The Samtao have been officially counted as part of the Bulang nationality in China. Although they share many cultural similarities with the Bulang, the Samtao speak their own separate language. The Samtao in Myanmar are part of what used to be a collection of three distinct tribes: Samtao, Samtuan, and Sen Chun.
The Samtao, although small in number, have a long and rich history. It is believed that they were originally Wa people who converted to Theravada Buddhism at least nine centuries ago. The great majority of Wa have resisted Buddhism and remain animists or polytheists to this day. After many generations of separation, the Samtao emerged as a distinct people group with their own customs and language.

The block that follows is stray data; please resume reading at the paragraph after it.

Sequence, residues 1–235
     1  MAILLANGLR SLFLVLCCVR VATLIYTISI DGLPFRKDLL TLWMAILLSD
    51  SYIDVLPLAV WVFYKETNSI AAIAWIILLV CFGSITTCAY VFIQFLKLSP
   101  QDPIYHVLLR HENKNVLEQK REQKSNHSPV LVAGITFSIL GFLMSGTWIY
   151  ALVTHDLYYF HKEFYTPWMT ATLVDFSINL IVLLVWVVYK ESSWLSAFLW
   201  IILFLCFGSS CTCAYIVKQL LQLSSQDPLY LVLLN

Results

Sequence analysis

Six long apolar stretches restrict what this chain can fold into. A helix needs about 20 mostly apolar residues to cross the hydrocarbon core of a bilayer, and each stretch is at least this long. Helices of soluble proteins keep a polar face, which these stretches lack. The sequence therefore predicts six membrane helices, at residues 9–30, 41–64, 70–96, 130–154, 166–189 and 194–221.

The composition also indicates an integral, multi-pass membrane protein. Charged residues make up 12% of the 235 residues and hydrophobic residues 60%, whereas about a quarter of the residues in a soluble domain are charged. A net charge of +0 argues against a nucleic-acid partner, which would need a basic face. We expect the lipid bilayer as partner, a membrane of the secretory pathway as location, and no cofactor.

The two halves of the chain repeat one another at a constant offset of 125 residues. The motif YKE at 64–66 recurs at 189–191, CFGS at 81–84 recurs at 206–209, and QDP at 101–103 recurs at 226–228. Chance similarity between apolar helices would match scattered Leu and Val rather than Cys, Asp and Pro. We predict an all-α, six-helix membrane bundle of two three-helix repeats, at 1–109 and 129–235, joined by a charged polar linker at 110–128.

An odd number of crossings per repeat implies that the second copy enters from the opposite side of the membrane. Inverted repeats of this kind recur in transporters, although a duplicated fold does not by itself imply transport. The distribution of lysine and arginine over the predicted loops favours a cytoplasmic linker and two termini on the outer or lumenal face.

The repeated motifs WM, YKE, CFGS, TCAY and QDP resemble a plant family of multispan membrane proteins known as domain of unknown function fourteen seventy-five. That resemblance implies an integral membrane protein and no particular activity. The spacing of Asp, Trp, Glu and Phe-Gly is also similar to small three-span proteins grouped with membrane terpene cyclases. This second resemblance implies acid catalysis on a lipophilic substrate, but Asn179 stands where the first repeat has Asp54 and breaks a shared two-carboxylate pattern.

The primary occupation of the Samtao is tea cultivation. The Bulang Mountains are famous for the Pu'er variety of tea. Other crops include maize, rice, cotton, and sugarcane. Many Samtao men tattoo their limbs and torsos - often with passages of Buddhist scriptures. When a Samtao dies, his family kills a chicken to call back the soul of the deceased. The corpse is then bathed and dressed in new clothes; a turban is placed on the head and the body is positioned between white cloth sheets.
The Samtao are zealous followers of Theravada Buddhism. Their whole ethnic identity is wrapped up in their adherence to Buddhism. Missionary William Clifton Dodd wrote this about the Samtao in the 1920s: "These Sam Tao are one branch of the aboriginal stock found all over Indo-China, including the Khmu of French Laos State, the Lawa of North Siam [Thailand] and the Wild Wa of northern Burma and southern China. These three branches are not Buddhists, but the Sam Tao have been Buddhists for 900 years, and are the best Buddhists we have met."
There is not a single trace of Christianity among the Samtao today. They have never been focused on with the gospel throughout their long history and remain a completely unevangelized people group on both sides of the China-Myanmar border.